Notre Dame has claimed the 2019 national championship for graduating student-athletes in all sports–in the process posting the top NCAA Graduation Success Rate (GSR) figure (98) for its student-athletes for the 13th straight year.
The GSR number for all Notre Dame student-athletes rates the Irish first among the football-playing institutions (tied with Northwestern) in the NCAA Football Bowl Subdivision (formerly Division I-A). The 2019 NCAA figures are based on entering classes from 2009 through 2012.
Meanwhile, Notre Dame’s institutional research determined additional academic highlights based on the NCAA-issued GSR and federal figures released today:
— Eighteen of 22 Irish athletic programs analyzed posted GSR figures of 100 percent, and 10 produced federal rate 100 scores.
— For the 14th time in 15 years, Notre Dame ranks number one on a percentage basis in terms of number of GSR 100 scores, among all FBS schools.
–Eighteen of Notre Dame’s 22 men’s and women’s programs posted GSR numbers that rank them best in the nation within their sports–and 10 produced federal graduation rates that led all FBS institutions.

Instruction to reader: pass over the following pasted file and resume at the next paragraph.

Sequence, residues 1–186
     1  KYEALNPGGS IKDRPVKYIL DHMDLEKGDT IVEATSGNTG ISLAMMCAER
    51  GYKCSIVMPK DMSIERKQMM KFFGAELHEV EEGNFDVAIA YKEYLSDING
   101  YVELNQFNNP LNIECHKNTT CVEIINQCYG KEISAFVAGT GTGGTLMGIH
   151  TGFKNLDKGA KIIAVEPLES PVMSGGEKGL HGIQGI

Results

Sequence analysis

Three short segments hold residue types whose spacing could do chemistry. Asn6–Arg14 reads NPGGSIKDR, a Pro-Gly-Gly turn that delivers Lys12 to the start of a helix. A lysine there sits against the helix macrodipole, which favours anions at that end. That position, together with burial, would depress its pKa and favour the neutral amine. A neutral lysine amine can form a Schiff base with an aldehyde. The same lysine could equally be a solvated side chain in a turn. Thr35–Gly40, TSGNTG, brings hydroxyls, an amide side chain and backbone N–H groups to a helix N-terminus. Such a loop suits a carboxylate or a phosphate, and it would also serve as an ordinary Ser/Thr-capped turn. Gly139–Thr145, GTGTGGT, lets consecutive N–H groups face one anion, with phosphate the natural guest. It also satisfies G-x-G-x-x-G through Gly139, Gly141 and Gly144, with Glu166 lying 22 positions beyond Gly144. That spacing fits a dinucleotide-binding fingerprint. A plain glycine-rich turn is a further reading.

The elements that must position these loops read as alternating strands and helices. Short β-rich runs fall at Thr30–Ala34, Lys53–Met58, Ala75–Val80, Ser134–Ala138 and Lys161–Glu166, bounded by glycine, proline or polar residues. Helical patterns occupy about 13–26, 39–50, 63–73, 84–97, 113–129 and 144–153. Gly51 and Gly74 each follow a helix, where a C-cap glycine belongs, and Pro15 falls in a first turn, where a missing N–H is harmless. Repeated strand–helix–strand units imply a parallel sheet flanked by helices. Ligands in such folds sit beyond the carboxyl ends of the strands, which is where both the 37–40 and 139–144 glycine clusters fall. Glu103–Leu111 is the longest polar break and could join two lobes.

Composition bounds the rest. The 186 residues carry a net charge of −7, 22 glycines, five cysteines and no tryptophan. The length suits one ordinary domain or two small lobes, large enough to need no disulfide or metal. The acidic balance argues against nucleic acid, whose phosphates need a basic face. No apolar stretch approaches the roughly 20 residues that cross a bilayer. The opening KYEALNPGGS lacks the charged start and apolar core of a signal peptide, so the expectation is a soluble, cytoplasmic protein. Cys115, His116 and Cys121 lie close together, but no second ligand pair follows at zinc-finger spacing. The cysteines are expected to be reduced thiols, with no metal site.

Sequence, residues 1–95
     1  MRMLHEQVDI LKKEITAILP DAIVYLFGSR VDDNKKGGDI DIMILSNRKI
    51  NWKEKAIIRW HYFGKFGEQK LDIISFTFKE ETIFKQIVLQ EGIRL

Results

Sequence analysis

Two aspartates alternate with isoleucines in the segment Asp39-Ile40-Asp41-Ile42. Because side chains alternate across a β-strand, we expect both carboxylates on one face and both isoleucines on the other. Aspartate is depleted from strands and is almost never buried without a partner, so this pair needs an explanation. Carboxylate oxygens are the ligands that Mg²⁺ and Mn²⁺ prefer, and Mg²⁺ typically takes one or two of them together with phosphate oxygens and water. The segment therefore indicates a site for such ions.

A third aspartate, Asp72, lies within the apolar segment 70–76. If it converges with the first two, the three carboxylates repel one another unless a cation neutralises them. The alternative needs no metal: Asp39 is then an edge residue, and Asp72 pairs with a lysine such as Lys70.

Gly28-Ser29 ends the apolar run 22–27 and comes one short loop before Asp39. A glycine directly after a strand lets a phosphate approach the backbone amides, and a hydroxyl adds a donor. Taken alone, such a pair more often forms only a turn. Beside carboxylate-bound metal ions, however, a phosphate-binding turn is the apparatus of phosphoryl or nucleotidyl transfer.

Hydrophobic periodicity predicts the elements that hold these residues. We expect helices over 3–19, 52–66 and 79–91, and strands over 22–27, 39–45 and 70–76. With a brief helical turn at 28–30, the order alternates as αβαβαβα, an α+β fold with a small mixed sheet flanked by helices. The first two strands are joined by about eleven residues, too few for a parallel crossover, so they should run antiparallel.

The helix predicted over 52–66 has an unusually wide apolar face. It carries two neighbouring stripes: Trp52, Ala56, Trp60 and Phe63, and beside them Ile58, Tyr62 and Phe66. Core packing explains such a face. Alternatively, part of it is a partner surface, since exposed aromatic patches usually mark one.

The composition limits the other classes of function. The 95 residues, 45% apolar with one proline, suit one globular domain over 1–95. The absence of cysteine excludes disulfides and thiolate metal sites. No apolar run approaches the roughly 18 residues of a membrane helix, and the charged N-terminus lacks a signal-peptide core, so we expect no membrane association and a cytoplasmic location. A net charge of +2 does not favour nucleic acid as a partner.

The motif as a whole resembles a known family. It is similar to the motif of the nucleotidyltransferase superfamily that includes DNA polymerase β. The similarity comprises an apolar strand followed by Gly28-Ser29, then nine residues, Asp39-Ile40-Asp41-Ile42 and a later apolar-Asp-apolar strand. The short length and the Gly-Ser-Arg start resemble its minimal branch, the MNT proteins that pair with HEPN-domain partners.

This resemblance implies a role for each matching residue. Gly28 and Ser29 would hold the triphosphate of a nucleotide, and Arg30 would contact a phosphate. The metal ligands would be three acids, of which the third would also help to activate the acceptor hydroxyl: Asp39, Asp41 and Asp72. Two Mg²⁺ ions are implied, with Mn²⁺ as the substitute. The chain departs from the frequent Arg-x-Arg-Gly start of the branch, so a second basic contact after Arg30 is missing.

Whether measured by the federal government in its Department of Education report or by the NCAA through its GSR numbers, graduation rates for Notre Dame student-athletes once again rank among the national leaders in a variety of categories.
For the 13th year in a row Notre Dame leads the nation in GSR categories both for all student-athletes (at 98) and female student-athletes (99). Notre Dame’s GSR figure for male student-athletes has ranked number one eight of the past 11 years (third this year at 96).
In calculations including all student-athletes in all sports, Notre Dame ranks first (at 98) among the FBS schools in the GSR figures, which were initiated in 2005 by the NCAA. Using the federal formula, Notre Dame graduated a four-year average of 93 percent of its student-athletes, behind only Stanford at 94.
In addition to its number-one GSR ranking for all student-athletes (98), Notre Dame finished tied for first among female student-athletes at 100, third among male student-athletes at 96 percent.